NCA members enjoy Annual Away Holiday in Sligo

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MEMBERS and friends of the North Coast Association of the National Trust recently spent four days in and around Sligo, visiting some of the great houses and gardens in the area as well as other sights of interest.

The first visit, on the way from Coleraine to Sligo, was the notable walled garden at Salthill, Co. Donegal, the creation of Elizabeth Temple.

The following day was devoted to three magnificent properties near Sligo. First was Markree Castle, a massive nineteenth-century Gothic rebuilding of an earlier castle and house, now owned by Charles Cooper, whose family built it.

This was followed by the equally large Temple House, the eighteenth-century classical home of the Percivals, and, finally, Coopershill, a pristine classical mansion of medium size, owned by the O’Haras (but formerly called Cooper). In each case, members of the party were guided through the property by the present owners.

Day three began with a visit to the house and gardens of nearby Newpark, a modest eighteenth-century house in a sizeable estate, built in 1780 and now owned by Rosemary and Anthony Kitchen.

Following this, the party travelled to County Mayo and the National Museum of Country Life, a modern museum of mainly nineteenth-century rural artefacts, set in the landscaped grounds of Turlough Park, formerly home to the Fitzgeralds. Returning to Sligo, a brief stop was made at the attractive gardens of the Old Rectory at Easkey.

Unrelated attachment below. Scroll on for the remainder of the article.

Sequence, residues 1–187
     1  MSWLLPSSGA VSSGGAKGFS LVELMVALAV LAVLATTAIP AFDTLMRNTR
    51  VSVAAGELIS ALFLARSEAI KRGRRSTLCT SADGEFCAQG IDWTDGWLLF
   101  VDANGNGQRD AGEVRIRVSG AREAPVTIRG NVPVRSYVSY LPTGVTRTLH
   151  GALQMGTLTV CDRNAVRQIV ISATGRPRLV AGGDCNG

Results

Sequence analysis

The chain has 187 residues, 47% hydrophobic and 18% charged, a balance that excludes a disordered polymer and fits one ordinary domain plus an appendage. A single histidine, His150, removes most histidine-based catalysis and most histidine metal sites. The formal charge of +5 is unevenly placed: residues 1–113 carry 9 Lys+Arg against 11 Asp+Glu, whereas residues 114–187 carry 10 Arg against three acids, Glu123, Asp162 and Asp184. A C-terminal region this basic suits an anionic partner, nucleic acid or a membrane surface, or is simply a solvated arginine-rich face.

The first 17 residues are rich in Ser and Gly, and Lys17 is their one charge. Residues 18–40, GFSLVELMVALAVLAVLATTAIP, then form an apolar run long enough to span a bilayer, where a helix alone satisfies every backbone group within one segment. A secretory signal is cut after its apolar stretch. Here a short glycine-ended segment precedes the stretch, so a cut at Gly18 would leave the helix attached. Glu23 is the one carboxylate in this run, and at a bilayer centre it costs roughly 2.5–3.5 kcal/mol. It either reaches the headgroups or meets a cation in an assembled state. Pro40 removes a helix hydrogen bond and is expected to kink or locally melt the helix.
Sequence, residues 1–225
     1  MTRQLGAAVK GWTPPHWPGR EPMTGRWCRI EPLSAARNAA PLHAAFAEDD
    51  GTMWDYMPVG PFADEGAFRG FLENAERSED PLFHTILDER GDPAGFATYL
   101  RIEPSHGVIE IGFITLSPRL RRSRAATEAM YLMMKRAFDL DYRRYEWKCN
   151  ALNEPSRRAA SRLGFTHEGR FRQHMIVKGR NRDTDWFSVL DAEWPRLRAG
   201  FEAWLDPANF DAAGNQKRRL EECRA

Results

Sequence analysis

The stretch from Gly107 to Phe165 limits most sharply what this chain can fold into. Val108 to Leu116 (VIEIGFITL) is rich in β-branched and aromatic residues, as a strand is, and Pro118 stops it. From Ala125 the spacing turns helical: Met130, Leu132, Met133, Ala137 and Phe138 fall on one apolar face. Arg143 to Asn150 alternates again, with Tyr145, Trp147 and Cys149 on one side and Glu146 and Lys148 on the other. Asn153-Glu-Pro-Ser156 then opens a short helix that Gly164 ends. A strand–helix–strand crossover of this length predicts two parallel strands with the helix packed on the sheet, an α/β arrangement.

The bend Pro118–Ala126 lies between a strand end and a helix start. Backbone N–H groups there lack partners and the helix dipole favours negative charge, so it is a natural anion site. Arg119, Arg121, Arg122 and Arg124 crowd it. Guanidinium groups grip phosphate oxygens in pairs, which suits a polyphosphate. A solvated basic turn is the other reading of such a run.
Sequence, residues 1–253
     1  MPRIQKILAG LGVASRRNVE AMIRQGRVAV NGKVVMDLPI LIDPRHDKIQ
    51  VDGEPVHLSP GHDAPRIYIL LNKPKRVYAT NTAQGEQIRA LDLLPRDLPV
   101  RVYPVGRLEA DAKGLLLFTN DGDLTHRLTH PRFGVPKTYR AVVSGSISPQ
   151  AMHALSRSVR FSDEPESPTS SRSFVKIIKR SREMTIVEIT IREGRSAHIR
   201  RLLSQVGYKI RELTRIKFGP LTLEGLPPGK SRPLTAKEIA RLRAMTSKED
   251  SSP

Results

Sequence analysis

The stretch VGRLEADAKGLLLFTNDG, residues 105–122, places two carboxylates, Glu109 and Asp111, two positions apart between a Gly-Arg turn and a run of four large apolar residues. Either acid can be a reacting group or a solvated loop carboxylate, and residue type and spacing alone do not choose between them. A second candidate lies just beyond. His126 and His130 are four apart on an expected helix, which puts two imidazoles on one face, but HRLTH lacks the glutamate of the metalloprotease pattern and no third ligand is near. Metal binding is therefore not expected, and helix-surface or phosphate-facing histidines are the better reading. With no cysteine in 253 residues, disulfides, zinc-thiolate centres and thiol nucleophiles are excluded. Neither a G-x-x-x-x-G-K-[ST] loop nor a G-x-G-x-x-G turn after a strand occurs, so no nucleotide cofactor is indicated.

The final day started with a trip to Drumcliffe churchyard and the grave of the poet W.B.Yeats, from where it was a short drive to Belleek and a tour of the world-famous porcelain factory.

Closer to home, a stop was made at Holy Hill, Artigarvan, the historic home of the Sinclairs, but now owned by the hospitable Hamilton Thompson, whose family had previously been tenant farmers on the estate.

Among other highlights, which made this trip memorable, was an evening talk on the poet W. B. Yeats, by Stella Mew, a distinguished member of the Yeats Society.

Organisation, as always, was excellent and accommodation in the Sligo Park Hotel was first class.